By 2020, the average age in India will be 29 years, making it one of the youngest countries in the world. Around 12-15 million youth are joining the workforce annually and it is estimated that in the next decade over 250 million young people will join the workforce. According to various industrial surveys, 75-80% of employed people are not fit for their current jobs and are not properly skilled. Less than 5% of the country’s workforce is formally skilled. For rural youth the situation is even worse, as a lack of exposure, education and skills forces them to migrate to cities as labourers. The farming sector, which employs over 124 million cultivators and 107 million agricultural labourers, is growing at barely 2% per annum, while the larger economy is growing at a rate of 7% per annum. There is clearly an urgent need to provide youth with the skills and education to make them employable in non-farming sectors and successful in the changing market economy.
The story of Bhavana Bharda summarises the struggles and successes of a large number of rural youth. A 20-year old from Juthal village of Junagadh District, Gujarat, Bhavana had left formal education because of the poor economic conditions of her family. Her father was a landless labourer with an annual income of less than US$ 420, struggling to meet the basic needs of his family. Bhavana had always been a very bright student and was determined to support her family. One day she heard about the Yuva Junction centre run by the Aga Khan Rural Support Programme (India) through one of the mobilisers who was visiting her village. Seeing the range of opportunities on offer for youth skills development, education and entrepreneurship, Bhavana – despite her limited schooling – was determined to earn income for her family to help her family. She visited the Yuva Junction Maliya centre for some counselling and subsequently enrolled in and completed the CRM Domestic Non Voice (BPO) course. With these new skills in telephone customer assistance, Bhavana secured her first job with a starting salary of US$ 113 per month. Her determination and confidence helped her to move to Ahmedabad city and be the first girl to leave her village to work in a big city, a source of pride for her family. Since then many opportunities have opened up for Bhavana; she is now working in HDB Finance and earns US$ 253 per month. She supports her family by sending home half of her income, which her father is using to invest in agriculture and to develop assets. When asked about the programme, Bhavana said:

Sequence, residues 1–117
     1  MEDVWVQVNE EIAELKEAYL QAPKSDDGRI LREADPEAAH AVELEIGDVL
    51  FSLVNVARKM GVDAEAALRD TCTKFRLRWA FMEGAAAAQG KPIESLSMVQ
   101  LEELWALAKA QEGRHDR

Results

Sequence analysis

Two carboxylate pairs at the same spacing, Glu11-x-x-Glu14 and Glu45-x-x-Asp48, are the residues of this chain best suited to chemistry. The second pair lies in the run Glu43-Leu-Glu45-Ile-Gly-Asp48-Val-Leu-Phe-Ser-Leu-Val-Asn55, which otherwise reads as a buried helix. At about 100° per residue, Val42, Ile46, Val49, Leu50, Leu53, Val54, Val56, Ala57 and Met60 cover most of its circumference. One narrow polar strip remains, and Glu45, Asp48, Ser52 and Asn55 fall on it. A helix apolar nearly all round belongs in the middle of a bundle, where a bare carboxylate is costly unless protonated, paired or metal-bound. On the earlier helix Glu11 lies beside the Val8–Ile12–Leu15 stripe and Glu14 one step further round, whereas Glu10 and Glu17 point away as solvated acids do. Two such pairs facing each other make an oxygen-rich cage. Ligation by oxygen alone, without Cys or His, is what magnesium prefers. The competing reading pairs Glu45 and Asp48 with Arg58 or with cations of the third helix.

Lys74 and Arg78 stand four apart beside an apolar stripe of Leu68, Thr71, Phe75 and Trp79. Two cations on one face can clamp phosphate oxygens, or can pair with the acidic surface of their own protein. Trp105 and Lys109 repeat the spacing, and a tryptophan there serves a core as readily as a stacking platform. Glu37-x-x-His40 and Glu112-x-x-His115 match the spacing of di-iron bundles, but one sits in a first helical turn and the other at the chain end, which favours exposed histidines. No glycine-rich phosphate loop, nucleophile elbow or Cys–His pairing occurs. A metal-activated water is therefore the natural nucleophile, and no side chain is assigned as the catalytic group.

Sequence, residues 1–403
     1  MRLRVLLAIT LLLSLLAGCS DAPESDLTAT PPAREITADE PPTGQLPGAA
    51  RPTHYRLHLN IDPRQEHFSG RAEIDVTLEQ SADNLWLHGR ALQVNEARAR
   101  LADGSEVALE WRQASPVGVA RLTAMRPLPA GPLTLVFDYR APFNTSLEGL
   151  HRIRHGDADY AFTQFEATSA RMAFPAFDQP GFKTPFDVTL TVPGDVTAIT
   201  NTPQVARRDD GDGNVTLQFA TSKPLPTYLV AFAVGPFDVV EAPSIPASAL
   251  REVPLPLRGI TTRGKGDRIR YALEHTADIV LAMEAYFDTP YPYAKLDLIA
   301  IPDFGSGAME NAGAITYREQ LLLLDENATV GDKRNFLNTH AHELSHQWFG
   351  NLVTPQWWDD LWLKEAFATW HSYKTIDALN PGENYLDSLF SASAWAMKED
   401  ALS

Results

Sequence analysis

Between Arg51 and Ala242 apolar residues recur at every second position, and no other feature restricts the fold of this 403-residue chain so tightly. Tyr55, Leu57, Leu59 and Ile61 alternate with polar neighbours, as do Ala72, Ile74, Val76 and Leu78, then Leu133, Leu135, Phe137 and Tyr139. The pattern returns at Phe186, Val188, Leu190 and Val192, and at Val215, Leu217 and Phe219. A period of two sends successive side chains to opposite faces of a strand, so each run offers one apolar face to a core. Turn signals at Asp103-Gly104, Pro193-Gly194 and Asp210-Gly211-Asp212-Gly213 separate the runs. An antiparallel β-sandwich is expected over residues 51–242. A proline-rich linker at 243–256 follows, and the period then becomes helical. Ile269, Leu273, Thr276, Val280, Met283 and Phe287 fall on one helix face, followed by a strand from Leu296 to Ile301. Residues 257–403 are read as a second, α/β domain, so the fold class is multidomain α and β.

“Yuva Junction played a vital role in my life. It is my mentor and guide. I am very thankful to Yuva Junction. I am more confident today and can talk to people with ease.”
Since 2007, thousands of youth like Bhavana from remote villages and tribal areas have been joining Yuva Junction centres to get training on employability skills and employment placement in growing sectors like retail, BPO, telecom and banking. To bridge the digital gap between rural and urban India, the programme is encompassing emerging market-driven courses including retail sales, BPO, and accounting, alongside more traditional trainings in stitching and beautician skills. In all these domains, the programme provides placement support to match these youth to dignified, skill-appropriate employment opportunities.
As well as domain specific training, Yuva Junction offers youth a chance to develop their basic computer skills, Internet know-how, basic English and life skills. Modules are given through blended learning videos, classroom training, role play, market scans and exposure visits. At present, the initiative – supported by longstanding partners including Microsoft, Quest Alliance, NASSCOM foundation, Axis Bank Foundation, the Government of India and local communities – operates through 17 training centres situated in remote areas across two states: Gujarat and Bihar. Over the last 10 years, it has trained more than 35,000 youth on digital skills. Since 2012, after adopting a market-driven approach, 5,000 young women and men have completed training in employability skills and 3,500 have secured employment with annual starting salaries of US$ 1,200 - US$ 1,500, a decent income in the Indian context.
In recent years, mobile phone and Internet technologies have reached even the most remote areas of India. As a result, the aspirations of rural youth have also changed. Not only do they want to work in urban centres but they also aspire to become entrepreneurs, to complete higher studies and become professionals. To cater to these changing aspirations, Yuva Junction has started an entrepreneurship development programme for tribal youth. The initial success is very encouraging and in the last two years, more than 50 youth have become entrepreneurs, employing around 150 local community members.
What’s next? In collaboration with Microsoft, the Aga Khan Rural Support Programme (India) is in the process of creating its first rural digital service delivery centre in Gujarat. This service will support the establishment of modern enterprises in the area – leading to increased employment opportunities that match the skills and aspirations of rural millennials who are in search of a better livelihood.
By Vivek Singh, Senior Manager (Youth Development) and Shabya Baroi, Manager (Skills Development), Aga Khan Rural Support Programme (India)